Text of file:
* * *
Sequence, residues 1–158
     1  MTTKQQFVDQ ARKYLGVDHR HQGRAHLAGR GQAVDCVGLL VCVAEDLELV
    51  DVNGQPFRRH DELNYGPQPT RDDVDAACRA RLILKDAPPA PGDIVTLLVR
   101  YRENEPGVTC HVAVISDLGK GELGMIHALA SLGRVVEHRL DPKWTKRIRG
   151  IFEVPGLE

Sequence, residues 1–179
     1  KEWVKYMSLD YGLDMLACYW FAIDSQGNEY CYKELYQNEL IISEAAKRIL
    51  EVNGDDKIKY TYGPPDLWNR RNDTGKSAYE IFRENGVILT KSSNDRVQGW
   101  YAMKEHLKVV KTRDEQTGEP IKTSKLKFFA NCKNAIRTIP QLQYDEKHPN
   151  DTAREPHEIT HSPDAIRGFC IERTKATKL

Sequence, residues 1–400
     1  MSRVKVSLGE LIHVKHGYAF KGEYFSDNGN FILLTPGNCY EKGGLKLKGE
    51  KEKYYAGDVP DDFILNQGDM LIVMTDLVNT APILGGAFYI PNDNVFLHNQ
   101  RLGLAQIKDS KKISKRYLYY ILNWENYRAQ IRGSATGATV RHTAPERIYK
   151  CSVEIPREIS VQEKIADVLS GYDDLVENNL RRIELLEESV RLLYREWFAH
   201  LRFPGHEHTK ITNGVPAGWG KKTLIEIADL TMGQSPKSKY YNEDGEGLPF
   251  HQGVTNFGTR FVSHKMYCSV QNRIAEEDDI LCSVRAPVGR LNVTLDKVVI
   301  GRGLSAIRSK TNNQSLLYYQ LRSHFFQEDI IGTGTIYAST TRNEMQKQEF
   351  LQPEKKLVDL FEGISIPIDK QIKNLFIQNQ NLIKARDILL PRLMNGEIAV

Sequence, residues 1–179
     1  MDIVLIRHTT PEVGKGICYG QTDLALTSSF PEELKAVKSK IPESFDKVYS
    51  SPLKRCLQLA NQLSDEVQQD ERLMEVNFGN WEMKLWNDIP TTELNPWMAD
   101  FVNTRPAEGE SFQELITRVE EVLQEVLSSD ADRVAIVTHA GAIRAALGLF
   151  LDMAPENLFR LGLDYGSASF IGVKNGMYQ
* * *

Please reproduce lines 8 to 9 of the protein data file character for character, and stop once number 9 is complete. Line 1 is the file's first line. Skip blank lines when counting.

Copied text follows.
    51  EVNGDDKIKY TYGPPDLWNR RNDTGKSAYE IFRENGVILT KSSNDRVQGW
   101  YAMKEHLKVV KTRDEQTGEP IKTSKLKFFA NCKNAIRTIP QLQYDEKHPN